Why do Rottweilers howl? Have you ever noticed that your Rottie tends to be quite a howler day in and day out? Well, if he is, then you are probably wondering why. Is he unhappy? Is he hurt? Is there something wrong with him, or is he just trying to talk? Since dogs can’t speak for themselves, we’re going to crack the code and give you the low down on why Rottweilers howl.
So, why do Rottweilers howl? Rottweilers howl for a number of different reasons. The good news is that most of the time, he is simply honing in on his ancestry and enjoys being a dog. Other times, he might be just chatting, such as saying ‘Hello’ to their owners. Sometimes it’s something a bit more serious, such as:
- They are struggling with separation anxiety.
- They are trying to communicate something with their owner, such as an intruder.
- They’re simply responding to loud noises.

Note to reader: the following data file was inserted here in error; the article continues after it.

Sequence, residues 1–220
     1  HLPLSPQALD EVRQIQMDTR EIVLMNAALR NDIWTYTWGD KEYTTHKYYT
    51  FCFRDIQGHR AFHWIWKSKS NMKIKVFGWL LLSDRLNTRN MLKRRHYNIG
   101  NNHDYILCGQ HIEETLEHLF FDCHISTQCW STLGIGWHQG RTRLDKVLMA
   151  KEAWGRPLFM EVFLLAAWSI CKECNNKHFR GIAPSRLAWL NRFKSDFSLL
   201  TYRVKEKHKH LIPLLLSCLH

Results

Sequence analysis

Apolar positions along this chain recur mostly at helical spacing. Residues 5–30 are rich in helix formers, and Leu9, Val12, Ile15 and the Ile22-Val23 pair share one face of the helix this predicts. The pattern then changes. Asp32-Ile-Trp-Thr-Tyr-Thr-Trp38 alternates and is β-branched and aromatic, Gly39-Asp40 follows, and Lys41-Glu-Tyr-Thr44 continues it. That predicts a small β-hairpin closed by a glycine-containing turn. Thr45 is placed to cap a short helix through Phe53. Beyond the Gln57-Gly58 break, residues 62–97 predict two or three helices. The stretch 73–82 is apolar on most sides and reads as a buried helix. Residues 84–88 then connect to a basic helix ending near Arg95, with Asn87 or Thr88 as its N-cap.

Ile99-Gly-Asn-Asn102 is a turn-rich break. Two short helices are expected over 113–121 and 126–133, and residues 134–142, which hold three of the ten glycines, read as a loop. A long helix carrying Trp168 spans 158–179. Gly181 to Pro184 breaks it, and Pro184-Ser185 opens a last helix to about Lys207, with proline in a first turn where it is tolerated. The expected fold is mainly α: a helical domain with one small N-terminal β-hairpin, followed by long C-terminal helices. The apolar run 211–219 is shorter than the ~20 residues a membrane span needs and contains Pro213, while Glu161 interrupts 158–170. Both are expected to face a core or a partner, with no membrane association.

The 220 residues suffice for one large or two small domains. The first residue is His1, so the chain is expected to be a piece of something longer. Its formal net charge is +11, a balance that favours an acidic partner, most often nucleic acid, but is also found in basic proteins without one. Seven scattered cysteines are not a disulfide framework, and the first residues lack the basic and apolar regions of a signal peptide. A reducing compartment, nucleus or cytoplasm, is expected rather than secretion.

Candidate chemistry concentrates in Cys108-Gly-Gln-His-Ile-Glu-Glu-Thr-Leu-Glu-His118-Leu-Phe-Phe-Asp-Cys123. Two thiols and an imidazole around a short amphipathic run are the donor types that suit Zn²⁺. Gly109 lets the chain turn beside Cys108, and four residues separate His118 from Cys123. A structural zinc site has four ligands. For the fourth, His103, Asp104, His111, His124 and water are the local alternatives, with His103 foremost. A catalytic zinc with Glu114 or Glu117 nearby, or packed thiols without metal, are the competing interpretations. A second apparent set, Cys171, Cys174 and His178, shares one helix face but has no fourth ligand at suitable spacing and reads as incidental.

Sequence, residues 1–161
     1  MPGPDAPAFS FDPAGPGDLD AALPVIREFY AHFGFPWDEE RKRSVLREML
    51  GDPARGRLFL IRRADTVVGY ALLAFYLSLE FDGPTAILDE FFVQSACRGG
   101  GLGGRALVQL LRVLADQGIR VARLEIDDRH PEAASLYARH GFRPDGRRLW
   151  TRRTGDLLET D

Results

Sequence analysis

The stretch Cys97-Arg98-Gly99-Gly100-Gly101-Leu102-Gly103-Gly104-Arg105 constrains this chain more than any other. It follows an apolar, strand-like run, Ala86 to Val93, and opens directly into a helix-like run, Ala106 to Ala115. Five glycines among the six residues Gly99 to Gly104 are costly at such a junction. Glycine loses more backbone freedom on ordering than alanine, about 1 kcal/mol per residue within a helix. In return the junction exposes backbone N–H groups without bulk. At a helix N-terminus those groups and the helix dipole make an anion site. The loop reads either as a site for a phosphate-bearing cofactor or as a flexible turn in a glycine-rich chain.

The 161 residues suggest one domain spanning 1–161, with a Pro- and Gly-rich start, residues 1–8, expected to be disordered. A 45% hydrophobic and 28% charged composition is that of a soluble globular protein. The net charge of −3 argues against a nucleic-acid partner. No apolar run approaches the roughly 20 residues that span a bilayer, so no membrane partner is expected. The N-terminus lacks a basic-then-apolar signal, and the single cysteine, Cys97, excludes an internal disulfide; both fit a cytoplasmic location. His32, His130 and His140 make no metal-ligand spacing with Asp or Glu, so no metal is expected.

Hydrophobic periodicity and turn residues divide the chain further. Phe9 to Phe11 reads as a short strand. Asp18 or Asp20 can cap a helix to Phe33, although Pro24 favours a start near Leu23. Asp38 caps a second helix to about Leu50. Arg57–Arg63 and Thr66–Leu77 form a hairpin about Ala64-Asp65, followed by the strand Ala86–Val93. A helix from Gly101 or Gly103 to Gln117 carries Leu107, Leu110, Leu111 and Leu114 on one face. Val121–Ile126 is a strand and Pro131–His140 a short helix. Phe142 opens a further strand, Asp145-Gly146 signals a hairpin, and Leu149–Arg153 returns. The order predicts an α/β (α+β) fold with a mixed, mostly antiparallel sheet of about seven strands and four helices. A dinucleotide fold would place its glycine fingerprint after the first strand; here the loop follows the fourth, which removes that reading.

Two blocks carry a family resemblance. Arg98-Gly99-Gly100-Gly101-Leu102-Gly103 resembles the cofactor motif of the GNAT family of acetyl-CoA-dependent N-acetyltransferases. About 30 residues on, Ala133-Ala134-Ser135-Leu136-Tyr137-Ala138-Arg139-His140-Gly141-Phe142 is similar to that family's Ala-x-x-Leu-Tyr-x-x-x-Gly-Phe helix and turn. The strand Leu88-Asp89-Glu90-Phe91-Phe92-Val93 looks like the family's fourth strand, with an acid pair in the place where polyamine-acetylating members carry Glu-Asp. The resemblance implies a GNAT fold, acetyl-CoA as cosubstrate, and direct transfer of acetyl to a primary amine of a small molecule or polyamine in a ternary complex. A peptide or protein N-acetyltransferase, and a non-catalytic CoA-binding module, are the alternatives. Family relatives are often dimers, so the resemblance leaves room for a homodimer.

- Your Rottweiler is feeling bored and needs something to do.
As you can see, there are a variety of reasons why your Rottie might be howling more often than you’d think is ‘normal’. But don’t worry- your Rottweiler’s howling will no longer be a mystery when you’re done reading this. We’re going to discuss why he’s howling and how you can help him to stop.
4 Major Reasons Why Rottweilers Howl (and How to Fix Each)
The first thing you should keep in mind is that dogs are ancestors to wolves, although they have been domesticated. This means that they have a natural instinct to howl. The Rottweiler, in particular, has held onto this certain wolf-like trait.
That being said, sometimes Rottweilers simply howl because it’s their instinct to do so. They’re used to running in packs, and howling was used to communicate with the rest of the pack.
However, this isn’t always the case. There may be other reasons for the Rottie’s howls, including:
1. Separation Anxiety
One of the major reasons why any dog might start to howl excessively is because they are suffering from separation anxiety.
When your dog suffers from separation anxiety, you will notice that the majority of his howling will occur when you or any of your family members are leaving the home.
He may also be showing other signs of separation anxiety, such as frantically pacing back and forth, chewing and digging up the yard, or simply acting out of his normal.